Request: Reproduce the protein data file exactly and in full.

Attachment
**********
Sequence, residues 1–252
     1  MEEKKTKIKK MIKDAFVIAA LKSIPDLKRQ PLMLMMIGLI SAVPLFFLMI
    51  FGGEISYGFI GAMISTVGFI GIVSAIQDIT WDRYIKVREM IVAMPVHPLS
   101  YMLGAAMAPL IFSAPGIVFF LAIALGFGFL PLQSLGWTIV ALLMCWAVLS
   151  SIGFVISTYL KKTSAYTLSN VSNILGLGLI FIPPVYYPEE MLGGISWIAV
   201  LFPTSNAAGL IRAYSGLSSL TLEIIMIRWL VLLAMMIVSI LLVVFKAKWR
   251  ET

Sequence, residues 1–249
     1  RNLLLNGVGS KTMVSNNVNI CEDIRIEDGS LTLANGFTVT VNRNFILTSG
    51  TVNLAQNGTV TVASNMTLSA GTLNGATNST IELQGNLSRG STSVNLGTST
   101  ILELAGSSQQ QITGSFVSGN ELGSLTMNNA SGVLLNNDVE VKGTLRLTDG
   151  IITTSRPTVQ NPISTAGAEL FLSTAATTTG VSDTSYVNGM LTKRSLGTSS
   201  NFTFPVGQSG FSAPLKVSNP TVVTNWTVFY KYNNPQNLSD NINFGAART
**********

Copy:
Sequence, residues 1–252
     1  MEEKKTKIKK MIKDAFVIAA LKSIPDLKRQ PLMLMMIGLI SAVPLFFLMI
    51  FGGEISYGFI GAMISTVGFI GIVSAIQDIT WDRYIKVREM IVAMPVHPLS
   101  YMLGAAMAPL IFSAPGIVFF LAIALGFGFL PLQSLGWTIV ALLMCWAVLS
   151  SIGFVISTYL KKTSAYTLSN VSNILGLGLI FIPPVYYPEE MLGGISWIAV
   201  LFPTSNAAGL IRAYSGLSSL TLEIIMIRWL VLLAMMIVSI LLVVFKAKWR
   251  ET

Sequence, residues 1–249
     1  RNLLLNGVGS KTMVSNNVNI CEDIRIEDGS LTLANGFTVT VNRNFILTSG
    51  TVNLAQNGTV TVASNMTLSA GTLNGATNST IELQGNLSRG STSVNLGTST
   101  ILELAGSSQQ QITGSFVSGN ELGSLTMNNA SGVLLNNDVE VKGTLRLTDG
   151  IITTSRPTVQ NPISTAGAEL FLSTAATTTG VSDTSYVNGM LTKRSLGTSS
   201  NFTFPVGQSG FSAPLKVSNP TVVTNWTVFY KYNNPQNLSD NINFGAART